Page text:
This week has found me engrossed in Learning to Improve by Tony Bryk et al. In the beginning, the authors point out several recent reform initiatives such as smaller high schools and rigorous teacher evaluations. In each case, there was a germ of a good idea but the process was “going fast and learning slow.” In other words, systems were quick to implement new ideas but didn’t implement the changes well. They point out that inspiration has a place but so does proper implementation.
The Cristo Rey high school model began 22 years ago on the south side of Chicago. It has slowly and deliberately grown over time and is now comprised of 35 high schools across the country, poised to grow to 50 in the next decade. It was founded on a revolutionary idea—how do we serve poor students and only poor students? Whereas other schools are founded on the scarcity model (“how many scholarship students can we afford to accept” most schools say, assuming there are only so many dollars available), the Cristo Rey model turns away students from families above the poverty line but has increased its capacity to raise money.
I heard echoes of the creativity of the model in the recent HBR article “Strategy Needs Creativity.” As the authors suggest, Cristo Rey challenges common assumptions and turned them on its head.
Yes, they turn away students WITH resources! Their mission is to serve students under the poverty line and they do this by combining a corporate work study program (which raises approximately half of all revenue) with robust fund-raising. This is a new paradigm and a model of innovative thinking about Catholic schools which needs to be replicated.
This week’s podcast focuses on the Cristo Rey model. Focusing on the user experience (another Bryk-inspired concept from Learning to Improve), the conversations with the CEO, students from a Cristo Rey HS, teachers from a Cristo Rey HS, and Corporate Work Study directors all provide a window into the fantastic Cristo Rey model. The Catholic School Matters Radio Hour podcast drops on Wednesday. Give it a listen and see if you might be inspired to implement a new innovation in Catholic schools.
This week I focus the blog and the podcast on the Cristo Rey model. Why not spend a little time learning about one of the greatest new innovations going on?
This edition of Catholic School Matters is full of great articles and it was difficult to choose the best 5. Here’s my best effort:
- Underneath the American Catholic News section is a little section I included entitled “Leadership Dilemmas.” I’ve included links to articles about a coach dismissed from a Catholic school due to her marital status, another article focusing on Archbishop Naumann’s response to the controversy in the Archdiocese of KC, and the new developments in West Virginia. It’s important for all us to stay abreast of controversies and dilemmas.
- In the Leadership Links, the first article entitled “Why Feedback Rarely Does What What It’s Meant To” is a great reflection to read at this time of the year. Many of us are embarking on or wrapping up evaluations and this articles will inform your approach.
- In the Teaching & Learning section, the first article is focused on “Stress-free Training” and posits that a different learning environment might be more effective for emerging surgeons. I often hear coaches (like Saban) or teachers espouse the value of making the learning environment stressful so that learning can be more effective. This article challenges that hypothesis, and like the article in #2 above, supports the notion that learning is often consolidated on what they already know—as opposed to lying outside of current neural pathways.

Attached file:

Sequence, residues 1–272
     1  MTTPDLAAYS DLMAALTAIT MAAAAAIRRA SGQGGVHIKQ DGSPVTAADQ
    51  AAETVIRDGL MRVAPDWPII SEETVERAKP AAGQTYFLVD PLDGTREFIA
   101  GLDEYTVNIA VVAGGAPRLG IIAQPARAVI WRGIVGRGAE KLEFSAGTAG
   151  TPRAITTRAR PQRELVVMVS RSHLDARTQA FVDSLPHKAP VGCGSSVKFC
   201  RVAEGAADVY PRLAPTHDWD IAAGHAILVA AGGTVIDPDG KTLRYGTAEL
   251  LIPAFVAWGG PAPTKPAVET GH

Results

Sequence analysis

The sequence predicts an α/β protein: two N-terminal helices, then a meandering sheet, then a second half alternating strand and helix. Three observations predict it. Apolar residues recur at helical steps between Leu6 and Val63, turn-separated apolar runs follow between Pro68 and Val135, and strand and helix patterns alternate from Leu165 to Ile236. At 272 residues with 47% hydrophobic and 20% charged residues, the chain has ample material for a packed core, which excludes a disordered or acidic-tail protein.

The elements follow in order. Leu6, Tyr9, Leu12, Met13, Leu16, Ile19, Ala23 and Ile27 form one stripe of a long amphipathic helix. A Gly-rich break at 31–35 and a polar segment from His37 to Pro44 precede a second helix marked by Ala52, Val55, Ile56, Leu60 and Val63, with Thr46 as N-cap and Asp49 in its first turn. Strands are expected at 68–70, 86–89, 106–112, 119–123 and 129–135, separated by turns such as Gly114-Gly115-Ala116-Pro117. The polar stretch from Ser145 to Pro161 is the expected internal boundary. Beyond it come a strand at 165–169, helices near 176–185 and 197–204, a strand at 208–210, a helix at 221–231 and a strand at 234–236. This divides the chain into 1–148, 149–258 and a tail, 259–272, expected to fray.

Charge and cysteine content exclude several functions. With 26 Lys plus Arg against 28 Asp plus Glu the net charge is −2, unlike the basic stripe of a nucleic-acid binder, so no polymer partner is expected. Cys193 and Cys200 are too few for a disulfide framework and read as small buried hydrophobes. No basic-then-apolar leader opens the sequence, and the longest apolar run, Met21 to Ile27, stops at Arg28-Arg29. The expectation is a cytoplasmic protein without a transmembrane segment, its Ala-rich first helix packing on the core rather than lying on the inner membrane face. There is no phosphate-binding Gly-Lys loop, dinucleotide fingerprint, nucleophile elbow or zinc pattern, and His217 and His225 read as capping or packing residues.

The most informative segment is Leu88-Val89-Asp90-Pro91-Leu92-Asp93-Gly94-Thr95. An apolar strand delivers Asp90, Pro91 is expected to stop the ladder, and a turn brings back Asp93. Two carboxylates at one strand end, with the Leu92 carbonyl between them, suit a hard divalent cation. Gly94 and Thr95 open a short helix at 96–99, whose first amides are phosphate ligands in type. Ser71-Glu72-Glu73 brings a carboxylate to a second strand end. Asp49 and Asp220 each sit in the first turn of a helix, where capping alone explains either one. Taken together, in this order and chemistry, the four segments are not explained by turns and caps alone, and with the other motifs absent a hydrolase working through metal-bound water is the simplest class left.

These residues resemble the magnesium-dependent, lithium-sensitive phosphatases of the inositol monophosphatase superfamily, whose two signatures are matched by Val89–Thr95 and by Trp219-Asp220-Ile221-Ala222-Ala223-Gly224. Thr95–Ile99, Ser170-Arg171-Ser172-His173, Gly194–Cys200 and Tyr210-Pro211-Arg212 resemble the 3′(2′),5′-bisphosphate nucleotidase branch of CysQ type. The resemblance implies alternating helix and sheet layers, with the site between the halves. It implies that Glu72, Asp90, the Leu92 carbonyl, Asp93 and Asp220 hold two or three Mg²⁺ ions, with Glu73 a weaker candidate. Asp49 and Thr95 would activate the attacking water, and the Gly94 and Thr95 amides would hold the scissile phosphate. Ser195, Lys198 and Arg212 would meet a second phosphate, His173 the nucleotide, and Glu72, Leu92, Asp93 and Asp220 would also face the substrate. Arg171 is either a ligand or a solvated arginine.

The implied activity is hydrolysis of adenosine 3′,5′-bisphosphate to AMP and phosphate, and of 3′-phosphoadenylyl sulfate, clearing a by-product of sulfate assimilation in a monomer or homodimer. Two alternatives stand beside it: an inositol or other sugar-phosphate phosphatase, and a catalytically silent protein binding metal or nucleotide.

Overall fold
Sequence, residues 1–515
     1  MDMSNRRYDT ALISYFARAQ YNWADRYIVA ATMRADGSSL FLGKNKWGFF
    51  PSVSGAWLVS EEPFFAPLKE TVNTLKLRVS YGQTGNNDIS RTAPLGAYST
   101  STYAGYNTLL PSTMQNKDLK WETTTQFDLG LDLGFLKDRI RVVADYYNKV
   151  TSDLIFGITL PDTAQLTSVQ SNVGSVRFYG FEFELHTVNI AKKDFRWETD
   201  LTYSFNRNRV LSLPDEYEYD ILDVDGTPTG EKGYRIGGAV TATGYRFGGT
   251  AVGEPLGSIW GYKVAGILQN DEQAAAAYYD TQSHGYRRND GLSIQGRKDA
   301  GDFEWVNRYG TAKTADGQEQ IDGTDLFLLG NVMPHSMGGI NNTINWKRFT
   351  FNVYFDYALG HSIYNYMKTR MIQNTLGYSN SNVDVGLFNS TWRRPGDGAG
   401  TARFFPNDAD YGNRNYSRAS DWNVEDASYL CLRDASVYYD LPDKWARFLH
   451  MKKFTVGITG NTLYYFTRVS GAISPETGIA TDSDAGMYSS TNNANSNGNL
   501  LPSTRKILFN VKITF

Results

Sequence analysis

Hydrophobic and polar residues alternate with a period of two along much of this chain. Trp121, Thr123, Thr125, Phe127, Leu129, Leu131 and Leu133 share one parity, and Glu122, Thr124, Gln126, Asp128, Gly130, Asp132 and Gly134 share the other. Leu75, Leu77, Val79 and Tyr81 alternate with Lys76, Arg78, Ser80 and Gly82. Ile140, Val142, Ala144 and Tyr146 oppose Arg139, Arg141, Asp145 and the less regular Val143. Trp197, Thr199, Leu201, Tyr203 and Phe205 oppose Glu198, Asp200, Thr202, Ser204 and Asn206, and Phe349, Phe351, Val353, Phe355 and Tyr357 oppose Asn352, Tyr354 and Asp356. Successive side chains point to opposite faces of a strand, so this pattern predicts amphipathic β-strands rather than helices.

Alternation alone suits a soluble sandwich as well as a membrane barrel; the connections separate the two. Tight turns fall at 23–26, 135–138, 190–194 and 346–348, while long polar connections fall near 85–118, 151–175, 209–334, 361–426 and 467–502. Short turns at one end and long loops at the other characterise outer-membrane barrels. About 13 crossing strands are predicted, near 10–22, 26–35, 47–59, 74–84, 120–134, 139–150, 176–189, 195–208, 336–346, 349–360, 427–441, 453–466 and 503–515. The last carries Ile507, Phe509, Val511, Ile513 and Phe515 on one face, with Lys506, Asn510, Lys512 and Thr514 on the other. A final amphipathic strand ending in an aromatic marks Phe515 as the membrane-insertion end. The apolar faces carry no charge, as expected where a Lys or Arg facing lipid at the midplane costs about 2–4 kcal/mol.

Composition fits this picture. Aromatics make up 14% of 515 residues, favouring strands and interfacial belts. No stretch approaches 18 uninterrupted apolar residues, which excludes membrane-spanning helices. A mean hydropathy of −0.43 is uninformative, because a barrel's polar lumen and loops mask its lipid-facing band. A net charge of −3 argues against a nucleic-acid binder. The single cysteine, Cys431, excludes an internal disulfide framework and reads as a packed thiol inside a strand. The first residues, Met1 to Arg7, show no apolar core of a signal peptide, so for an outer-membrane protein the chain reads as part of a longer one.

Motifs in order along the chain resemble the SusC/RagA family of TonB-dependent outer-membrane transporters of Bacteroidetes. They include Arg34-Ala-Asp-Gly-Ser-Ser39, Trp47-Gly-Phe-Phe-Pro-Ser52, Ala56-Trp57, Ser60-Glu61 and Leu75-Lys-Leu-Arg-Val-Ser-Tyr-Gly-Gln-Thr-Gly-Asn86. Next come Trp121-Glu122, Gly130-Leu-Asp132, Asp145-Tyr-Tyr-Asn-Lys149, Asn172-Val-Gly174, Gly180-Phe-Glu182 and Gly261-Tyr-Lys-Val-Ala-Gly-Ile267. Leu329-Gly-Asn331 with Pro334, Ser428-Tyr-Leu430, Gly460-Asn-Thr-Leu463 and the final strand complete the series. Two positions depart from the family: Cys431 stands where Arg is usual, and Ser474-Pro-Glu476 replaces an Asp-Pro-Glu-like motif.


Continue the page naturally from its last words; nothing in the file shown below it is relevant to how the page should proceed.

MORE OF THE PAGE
- In the Miscellaneous section, the absolutely best article I read last week is “How to Make Friends, Build a Community, and Create the Life You Want” is fantastic. Challenged to make sense of the sudden loss of a loved one, the author realizes that community and connections are the most valuable.
- The next article is a link to Roy Petitfils’ new book, Helping Teens with Stress, Anxiety, and Depression: A Field Guide for Catholic Parents, Pastors, and Youth Leaders (2019). Roy is currently at the LA Congress and will be a speaker at the NCEA Convention. I’ve heard him speak about these topics and know that his community-based approach (see #4 above) is valuable for all Catholic school educators.
Have a great week!
On this week’s Catholic School Matters Radio Hour podcast, the focus is on the Cristo Rey network. First, President/CEO Elizabeth Goettl of the Cristo Rey network joins me to discuss the origins of the Cristo Rey network and how it operates as a system.
Currently sitting at 35 schools, the goal is to grow to 50 schools in the next decade. Goettl describes the four-part feasibility study which is mandatory—based on finding a facility, establishing a need, finding the seed money, and locating partners to secure the jobs.
Next, three juniors from Cristo Rey New York HS in Spanish Harlem join the podcast and discuss what their jobs look like, what their commutes look like, and how their high school experience is different from their peers at other schools. It’s a great look at the Cristo Rey model from the students—meaning we are focusing on the student experience.
The students are followed by three great teachers from the same high school. These are committed educators who believe in the mission of Cristo Rey. It is clear that the teachers are committed, work hard, and hold themselves and the students to high standards.
The school is demanding for students and teachers alike. The mission is palpable and ever-present in the school.
The final guests were from the schools’ Corporate Work Study Program. The logistics of employing students, managing their work relationships, and teaching them the skills necessary is an ongoing challenge for the Corporate Work Study program, which raises 40% of the school’s operating budget every year.